In 2009, Tencent launched Xiaoyou (校友, 'schoolmate'), its first social network website.
In mid-2010, Tencent changed direction and replaced Xiaoyou with Pengyou (朋友, 'friends'), trying to establish a more widespread network, to which extant QQ users could be easily redirected, hence giving Pengyou a major advantage over its competitors.
This has raised concerns of replacing (and thus "inflating") real currency in these transactions.
Furthermore, QQ's parent company, Tencent, has over successive versions modified the QQ protocol to the extent that it can no longer be supported by most, and perhaps any, of the third-party implementations that were successful in the past (some of which are listed below).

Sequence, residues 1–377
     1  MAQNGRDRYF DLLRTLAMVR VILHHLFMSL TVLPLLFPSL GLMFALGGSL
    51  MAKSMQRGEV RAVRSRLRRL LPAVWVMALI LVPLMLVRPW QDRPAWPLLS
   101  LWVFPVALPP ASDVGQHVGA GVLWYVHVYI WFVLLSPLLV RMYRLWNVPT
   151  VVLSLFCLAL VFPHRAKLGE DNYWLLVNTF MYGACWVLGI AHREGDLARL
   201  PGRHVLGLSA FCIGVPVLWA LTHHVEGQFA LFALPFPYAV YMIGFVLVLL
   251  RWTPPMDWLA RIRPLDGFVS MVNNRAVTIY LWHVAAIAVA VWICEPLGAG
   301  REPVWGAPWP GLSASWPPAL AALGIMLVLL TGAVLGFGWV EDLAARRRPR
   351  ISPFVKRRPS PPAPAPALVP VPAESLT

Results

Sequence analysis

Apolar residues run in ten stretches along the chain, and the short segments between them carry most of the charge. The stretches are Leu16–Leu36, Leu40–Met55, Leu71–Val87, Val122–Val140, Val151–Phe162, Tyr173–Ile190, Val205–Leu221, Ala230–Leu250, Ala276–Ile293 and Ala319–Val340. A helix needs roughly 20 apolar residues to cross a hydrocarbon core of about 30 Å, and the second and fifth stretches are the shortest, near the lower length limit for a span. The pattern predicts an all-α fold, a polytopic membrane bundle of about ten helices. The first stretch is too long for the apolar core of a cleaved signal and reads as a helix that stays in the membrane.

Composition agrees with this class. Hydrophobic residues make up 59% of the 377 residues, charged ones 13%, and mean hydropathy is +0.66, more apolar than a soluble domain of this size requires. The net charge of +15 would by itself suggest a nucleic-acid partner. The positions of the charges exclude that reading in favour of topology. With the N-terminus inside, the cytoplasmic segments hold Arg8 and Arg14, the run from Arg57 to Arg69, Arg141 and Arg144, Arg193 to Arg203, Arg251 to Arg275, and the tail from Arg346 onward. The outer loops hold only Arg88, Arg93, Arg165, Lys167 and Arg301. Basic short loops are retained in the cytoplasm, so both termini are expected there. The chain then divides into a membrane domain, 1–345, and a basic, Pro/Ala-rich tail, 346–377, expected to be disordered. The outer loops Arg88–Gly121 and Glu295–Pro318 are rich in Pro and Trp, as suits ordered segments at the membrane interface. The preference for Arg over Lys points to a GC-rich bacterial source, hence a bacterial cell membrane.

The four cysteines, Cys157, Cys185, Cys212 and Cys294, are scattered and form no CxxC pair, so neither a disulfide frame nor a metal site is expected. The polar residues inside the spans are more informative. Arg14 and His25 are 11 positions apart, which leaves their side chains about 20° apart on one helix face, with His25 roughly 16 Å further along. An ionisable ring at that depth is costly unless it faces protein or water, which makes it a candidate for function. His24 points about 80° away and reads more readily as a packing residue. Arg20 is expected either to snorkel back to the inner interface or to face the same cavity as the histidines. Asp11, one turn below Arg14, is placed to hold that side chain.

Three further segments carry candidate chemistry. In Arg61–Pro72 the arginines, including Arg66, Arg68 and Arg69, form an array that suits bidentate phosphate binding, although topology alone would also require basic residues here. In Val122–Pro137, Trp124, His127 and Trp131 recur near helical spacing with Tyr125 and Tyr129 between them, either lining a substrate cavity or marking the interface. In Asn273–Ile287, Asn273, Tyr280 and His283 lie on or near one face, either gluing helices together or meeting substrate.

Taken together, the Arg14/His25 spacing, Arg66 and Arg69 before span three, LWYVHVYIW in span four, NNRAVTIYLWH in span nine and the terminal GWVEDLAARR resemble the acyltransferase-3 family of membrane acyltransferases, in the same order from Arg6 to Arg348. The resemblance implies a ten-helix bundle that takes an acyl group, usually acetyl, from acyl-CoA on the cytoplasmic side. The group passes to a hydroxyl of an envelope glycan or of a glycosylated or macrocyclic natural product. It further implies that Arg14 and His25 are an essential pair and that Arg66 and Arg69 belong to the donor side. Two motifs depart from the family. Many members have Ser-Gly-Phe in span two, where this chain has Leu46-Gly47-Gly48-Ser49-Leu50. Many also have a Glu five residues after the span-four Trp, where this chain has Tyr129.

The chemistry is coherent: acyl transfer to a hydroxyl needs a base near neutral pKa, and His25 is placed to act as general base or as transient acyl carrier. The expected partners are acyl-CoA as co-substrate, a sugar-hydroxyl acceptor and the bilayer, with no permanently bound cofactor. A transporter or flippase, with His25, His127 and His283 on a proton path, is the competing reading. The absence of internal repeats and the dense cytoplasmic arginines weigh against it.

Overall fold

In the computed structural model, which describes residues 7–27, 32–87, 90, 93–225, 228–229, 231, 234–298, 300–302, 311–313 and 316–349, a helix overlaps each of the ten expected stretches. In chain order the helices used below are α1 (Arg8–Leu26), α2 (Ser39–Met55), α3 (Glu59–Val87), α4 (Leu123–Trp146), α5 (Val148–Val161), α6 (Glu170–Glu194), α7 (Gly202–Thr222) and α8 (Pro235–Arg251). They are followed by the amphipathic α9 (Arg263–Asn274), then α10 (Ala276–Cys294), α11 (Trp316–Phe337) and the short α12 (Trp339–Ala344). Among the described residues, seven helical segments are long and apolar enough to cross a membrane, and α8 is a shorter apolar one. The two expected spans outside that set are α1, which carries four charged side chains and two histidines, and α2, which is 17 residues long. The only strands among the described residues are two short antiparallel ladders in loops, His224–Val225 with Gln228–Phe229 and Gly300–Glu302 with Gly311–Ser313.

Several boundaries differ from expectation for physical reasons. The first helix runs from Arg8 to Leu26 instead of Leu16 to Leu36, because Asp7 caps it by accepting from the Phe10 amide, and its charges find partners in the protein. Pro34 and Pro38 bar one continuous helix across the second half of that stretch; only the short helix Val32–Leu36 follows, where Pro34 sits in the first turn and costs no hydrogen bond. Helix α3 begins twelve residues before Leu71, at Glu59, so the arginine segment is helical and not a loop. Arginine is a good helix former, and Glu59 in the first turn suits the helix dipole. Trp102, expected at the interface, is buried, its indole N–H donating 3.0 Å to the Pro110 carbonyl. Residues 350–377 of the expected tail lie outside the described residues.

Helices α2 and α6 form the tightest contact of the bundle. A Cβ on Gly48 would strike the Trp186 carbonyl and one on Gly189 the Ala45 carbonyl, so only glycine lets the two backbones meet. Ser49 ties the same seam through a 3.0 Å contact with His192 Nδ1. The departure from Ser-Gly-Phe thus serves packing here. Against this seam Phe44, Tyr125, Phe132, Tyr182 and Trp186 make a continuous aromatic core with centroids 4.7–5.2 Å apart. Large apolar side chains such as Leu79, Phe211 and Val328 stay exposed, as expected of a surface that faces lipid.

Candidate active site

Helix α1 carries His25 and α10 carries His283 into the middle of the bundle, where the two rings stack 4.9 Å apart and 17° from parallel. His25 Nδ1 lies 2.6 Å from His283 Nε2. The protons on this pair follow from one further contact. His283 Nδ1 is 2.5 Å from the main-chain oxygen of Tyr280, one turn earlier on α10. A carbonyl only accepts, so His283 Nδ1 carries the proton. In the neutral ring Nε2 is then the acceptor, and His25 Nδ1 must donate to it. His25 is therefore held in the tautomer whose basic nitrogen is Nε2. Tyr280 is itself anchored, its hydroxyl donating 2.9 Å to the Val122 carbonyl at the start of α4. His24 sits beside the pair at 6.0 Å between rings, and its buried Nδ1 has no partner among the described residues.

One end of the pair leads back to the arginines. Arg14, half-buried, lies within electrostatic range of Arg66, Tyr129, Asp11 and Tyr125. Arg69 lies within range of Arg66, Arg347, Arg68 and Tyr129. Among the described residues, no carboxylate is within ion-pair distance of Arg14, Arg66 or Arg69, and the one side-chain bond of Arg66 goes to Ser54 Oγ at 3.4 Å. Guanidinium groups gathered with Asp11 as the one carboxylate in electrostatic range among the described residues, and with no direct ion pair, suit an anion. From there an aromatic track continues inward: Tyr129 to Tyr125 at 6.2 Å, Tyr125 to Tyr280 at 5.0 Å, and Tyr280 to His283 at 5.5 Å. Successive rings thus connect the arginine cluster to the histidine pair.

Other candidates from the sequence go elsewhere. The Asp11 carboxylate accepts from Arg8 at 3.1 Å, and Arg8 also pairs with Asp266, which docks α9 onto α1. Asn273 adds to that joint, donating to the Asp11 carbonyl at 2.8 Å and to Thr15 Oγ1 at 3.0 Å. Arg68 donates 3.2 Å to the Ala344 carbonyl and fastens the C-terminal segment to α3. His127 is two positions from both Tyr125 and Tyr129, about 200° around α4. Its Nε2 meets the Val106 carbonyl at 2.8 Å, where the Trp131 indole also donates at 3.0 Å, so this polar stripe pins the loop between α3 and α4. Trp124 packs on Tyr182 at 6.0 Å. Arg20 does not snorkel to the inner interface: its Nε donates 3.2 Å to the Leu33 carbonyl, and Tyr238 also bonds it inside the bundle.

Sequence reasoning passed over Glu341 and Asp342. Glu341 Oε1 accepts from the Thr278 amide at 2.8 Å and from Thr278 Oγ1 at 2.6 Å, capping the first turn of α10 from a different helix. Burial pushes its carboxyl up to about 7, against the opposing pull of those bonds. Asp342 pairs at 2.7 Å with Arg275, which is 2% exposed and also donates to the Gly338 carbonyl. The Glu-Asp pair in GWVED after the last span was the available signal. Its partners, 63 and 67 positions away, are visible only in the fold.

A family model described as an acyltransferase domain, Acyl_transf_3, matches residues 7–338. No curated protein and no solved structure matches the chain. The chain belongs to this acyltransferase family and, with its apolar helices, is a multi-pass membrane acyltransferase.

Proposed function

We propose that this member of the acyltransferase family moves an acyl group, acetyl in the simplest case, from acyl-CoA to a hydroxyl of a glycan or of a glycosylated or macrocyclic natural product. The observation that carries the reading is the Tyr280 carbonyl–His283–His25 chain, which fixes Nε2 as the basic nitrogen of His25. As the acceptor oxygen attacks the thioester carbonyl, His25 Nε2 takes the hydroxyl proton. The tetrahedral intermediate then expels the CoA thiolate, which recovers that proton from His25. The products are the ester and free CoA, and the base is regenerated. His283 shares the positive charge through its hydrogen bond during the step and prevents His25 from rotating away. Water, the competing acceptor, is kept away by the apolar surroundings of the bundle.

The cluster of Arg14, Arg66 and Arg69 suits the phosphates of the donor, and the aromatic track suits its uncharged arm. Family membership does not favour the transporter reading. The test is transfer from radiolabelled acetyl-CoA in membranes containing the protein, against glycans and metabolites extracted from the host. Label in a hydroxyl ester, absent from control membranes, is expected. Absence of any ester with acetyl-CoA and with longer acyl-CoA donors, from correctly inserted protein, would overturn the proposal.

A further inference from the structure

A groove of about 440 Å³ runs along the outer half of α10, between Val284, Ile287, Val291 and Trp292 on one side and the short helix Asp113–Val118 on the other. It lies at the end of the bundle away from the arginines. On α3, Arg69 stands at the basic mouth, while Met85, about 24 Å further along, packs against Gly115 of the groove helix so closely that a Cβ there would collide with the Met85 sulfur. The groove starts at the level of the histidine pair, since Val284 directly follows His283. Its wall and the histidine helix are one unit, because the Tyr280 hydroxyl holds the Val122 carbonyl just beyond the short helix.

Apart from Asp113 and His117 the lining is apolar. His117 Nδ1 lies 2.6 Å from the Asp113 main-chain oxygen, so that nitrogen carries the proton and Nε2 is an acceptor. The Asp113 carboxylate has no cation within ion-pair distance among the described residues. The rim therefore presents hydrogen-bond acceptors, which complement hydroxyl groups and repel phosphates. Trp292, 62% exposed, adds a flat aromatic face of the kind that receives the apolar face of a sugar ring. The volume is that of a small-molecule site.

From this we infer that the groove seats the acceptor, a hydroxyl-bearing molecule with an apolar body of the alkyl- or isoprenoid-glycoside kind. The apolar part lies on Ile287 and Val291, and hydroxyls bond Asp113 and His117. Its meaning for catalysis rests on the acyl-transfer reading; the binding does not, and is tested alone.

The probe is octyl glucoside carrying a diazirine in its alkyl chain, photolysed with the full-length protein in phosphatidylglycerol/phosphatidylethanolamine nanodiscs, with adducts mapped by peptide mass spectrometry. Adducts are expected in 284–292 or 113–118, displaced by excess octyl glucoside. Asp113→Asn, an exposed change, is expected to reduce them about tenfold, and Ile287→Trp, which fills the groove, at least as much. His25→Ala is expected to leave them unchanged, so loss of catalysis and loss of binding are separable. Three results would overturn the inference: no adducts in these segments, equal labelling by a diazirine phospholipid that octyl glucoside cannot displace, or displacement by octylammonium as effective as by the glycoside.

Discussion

As of 2009, none of the developers of third-party clients have publicized any plans to restore QQ support.
Tencent launched its web-based QQ formally on 15 September 2009, the latest version of which being 3.0.
Rather than solely a web-based IM, Web QQ 3.0 functions more like its own operating system, with a desktop in which web applications can be added.